The results of the neurosonograms of children with bacterial meningitis are summarized in Table 2. To reiterate, in group A, meningeal thickness was analyzed retrospectively and in group B, the analysis was prospective. Surface meninges were not measurable in nine (18%) of 50 patients in group A and in four (18%) of 22 patients in group B; the reasons included a faulty technique and a lack of examination with a liner scan head in two patients in group A, and compressed subarachnoid space and brain edema or dilated ventricles in the others. Sulci could not be measured in two (4%) of 50 children in group A and in four (18%) of 22 patients in group B, because of brain edema or hy- drocephalus. The subarachnoid space was obliter- ated in 10 patients in group A and in three patients in group B, preventing measurement and assess- ment of the echogenicity of the fluid.

Increased surface meningeal thickness was found in 15 (37%) of 41 children in group A and in five (28%) of 18 children in group B; all these patients also had enlarged sulci. Sulci were found to be thickened in 28 (58%) of 48 children in group A and in eight (44%) of 18 children in group B. Echo- genic subarachnoid fluid was seen in 13 (33%) of 40 patients in group A and in eight (42%) of 19 in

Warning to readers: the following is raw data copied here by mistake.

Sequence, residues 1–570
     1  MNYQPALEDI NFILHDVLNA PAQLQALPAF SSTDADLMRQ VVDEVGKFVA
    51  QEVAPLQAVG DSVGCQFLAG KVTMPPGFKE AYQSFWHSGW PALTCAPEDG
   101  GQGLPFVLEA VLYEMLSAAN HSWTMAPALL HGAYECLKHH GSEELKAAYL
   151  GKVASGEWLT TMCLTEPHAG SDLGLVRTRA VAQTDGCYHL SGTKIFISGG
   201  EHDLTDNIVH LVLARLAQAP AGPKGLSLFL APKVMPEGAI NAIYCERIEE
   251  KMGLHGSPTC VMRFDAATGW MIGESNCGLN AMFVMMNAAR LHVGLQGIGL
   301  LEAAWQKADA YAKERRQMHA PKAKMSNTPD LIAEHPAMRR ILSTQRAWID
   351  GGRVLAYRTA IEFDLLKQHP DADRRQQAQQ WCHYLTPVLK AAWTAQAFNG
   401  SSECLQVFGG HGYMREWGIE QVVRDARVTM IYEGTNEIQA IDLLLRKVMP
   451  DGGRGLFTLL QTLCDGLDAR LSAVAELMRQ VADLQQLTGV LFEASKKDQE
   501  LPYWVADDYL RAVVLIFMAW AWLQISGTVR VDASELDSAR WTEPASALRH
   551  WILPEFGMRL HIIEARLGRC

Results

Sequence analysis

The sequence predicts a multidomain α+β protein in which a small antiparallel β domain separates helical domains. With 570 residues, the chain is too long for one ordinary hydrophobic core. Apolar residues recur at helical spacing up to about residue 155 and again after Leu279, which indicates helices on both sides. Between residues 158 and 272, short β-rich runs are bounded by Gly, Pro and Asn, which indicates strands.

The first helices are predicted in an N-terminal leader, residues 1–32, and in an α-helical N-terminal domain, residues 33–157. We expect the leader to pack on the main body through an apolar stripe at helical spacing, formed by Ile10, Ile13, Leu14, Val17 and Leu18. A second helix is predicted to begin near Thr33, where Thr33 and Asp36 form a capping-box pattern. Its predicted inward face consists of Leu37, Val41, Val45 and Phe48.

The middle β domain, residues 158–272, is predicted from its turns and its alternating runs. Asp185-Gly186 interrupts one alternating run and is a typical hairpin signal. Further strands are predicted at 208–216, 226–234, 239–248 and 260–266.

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FIG 6. Coronal sonogram of a 3½-week-old infant with pneu- mococcal meningitis. The surface meninges are of normal thick- ness (0.8 mm). The subarachnoid space, the interhemispheric fissure, and the sulci are filled with echogenic material (pus and proteins by lumbar puncture). The frontal sulcus is enlarged (2.4 mm) and its undersurface is poorly defined.

sulcal enlargement in all but one patient with asep- tic meningitis who had been treated with antibiotics before admission to the hospital. Ventricular en- largement was seen in 13 patients in group A and in two patients in group B. Only three needed drainage.

The clinical outcomes of the patients with men- ingitis were as follows: four children in group A and two in group B died soon after hospitalization (toxic shock, disseminated intravascular coagula- tion, cardiac arrest). In all but one of the children in group B, the surface meninges could not be mea- sured because of brain edema, and, in one child in each group, the sulci were not measurable. One pa- tient in group B, who had normal-appearing me- ninges, died rapidly of shock. Neurologic sequelae were seen in five patients in group A and in two in group B. Four of them had thickening of both the surface meninges and the sulci; in one, only the sulci were thickened. In one patient in group A, with later severe psychomotor retardation, neither the surface meninges nor the sulci were measur- able. Only one infant with an infected ventriculo- peritoneal shunt had normal-appearing meninges, and this patient was the only one in whom the ab- normal neurologic status preceded the episode of meningitis. Clinical outcome was favorable in all other patients (41 in group A, 18 in group B), in- cluding 16 children with increased surface menin- geal thickening and 31 with sulcal enlargement.